The following is an example of an entry in the Part II Daily Orders for the 15th Infantry Battalion recording the death of Lieutenants Reeves, Wylie and Haldane:

Part II Daily Orders Example.jpg

Here for example, is what was recorded on the back side of the service record of Private T Holmes #47866 of the 15th Infantry Battalion. Note that the record reports that this information was prepared by men of the P.P.C.L.I. to document where he was buried and with what effects. Unfortunately, as this case details, the material was removed from the body so that upon later exhumation there was no record of whose remains were recovered. The system was changed some years later so that the men had two (2) identification disks so that one could be returned to the unit and the other left with the remains.

Holmes T 47866 B.jpg

Area Maps

It is often useful to use Google Earth, Google Earth Overlays or Battle Maps to show the general area where the action was taking place relative to where the body was recovered. In this simple example, the location of the 3rd Canadian Infantry Brigade of the 1st Canadian Division is shown in relation to the area around Hill 70 and Lens in August 1917 (an extract of the Nicholson Map Collection):

Nicholson Area Map Example Lens.jpg

Trench Maps

Following up on the use of the Area Map, as shown above, then it is often beneficial to focus on the details of a trench map to show where the action took place and a body was exhumed prior to reburial. In this example, we are looking at the top area of the Area Map where the 15th Battalion was involved in the attack on Hull 70 in August 1915. It is common to annotate the trench maps to highlight the issues in the research report:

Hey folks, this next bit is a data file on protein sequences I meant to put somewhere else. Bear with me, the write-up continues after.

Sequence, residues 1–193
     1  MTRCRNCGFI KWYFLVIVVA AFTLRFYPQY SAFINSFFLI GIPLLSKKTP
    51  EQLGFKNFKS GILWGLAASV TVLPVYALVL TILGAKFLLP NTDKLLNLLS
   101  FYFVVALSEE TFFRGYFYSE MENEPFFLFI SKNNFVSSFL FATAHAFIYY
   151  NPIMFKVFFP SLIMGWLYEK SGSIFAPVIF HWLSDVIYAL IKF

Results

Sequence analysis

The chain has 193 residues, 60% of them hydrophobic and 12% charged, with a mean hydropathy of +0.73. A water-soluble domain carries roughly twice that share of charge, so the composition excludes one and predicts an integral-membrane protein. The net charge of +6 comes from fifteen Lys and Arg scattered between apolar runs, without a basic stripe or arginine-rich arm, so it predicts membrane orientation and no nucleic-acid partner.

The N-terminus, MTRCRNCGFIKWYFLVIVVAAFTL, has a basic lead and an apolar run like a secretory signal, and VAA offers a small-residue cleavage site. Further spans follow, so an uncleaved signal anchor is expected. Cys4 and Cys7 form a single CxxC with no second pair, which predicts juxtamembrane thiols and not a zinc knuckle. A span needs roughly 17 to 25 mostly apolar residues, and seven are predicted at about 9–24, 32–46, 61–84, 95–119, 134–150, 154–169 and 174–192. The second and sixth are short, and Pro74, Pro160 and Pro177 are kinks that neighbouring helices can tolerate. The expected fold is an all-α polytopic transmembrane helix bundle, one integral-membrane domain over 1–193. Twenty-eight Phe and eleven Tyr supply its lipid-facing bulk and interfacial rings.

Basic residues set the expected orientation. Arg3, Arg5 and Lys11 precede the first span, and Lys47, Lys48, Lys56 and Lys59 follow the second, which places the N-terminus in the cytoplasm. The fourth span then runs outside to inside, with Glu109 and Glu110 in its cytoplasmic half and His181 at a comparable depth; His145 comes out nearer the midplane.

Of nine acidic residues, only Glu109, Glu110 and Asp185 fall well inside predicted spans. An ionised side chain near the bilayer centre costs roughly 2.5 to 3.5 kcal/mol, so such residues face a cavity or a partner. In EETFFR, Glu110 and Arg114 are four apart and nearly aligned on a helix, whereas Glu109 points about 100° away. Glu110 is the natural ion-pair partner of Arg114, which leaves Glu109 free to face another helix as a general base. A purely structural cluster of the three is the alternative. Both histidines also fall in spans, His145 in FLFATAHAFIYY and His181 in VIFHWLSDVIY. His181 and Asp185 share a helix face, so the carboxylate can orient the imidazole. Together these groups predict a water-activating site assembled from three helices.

Trench Map Example from Lt. McDonald.jpg

Likely & Excluded Canadidate Lists

How you present the likely candidates and the excluded candidates depends on the complexity of the case. I some instances we have extracted the information from the CWGC web site and put it into a more detailed spreadsheet to show who was included and then which ones were excluded. In the simpler cases it may be possible to use an image of the page from the CWGC web site directly:

Inclusion Exclusion Lists.jpg

Grave Stone References and Details

As a final task it is important to document what is on the existing grave stone and what changes are required. For example in the case of Lt. McDonald described above:

Grave Stone Example for WIki Unknown.jpg The details:
  • On the basis of all of the evidence gathered for this investigation, it is a clear and irrefutable conclusion that the remains in Plot 14 Row C Grave 11 at St. Mary’s A.D.S. Cemetery are those of Lieutenant Donald Wallace McDonald.
  • The headstone that sits at that grave should be changed to read “Lieutenant D. W. McDonald, 15th Bn. Canadian Inf. August 15 1917”.
  • For historical purposes, a note should be added to the COC-BR file indicating that there is an error in the entry of the exhumation locations and that the remains have been identified.

Submitting a Report

The initial reports that were submitted to the CWGC were descriptive reports. Shortly after the project was initiated, a form report was developed as it became obvious that there would be a number of reports and that a means to enter the data during the research program was required. These are only examples, as it is up to any investigator as to how they feel best in presenting the information.

A number of examples can be found in the section that follows showing the Investigative Reports Completed.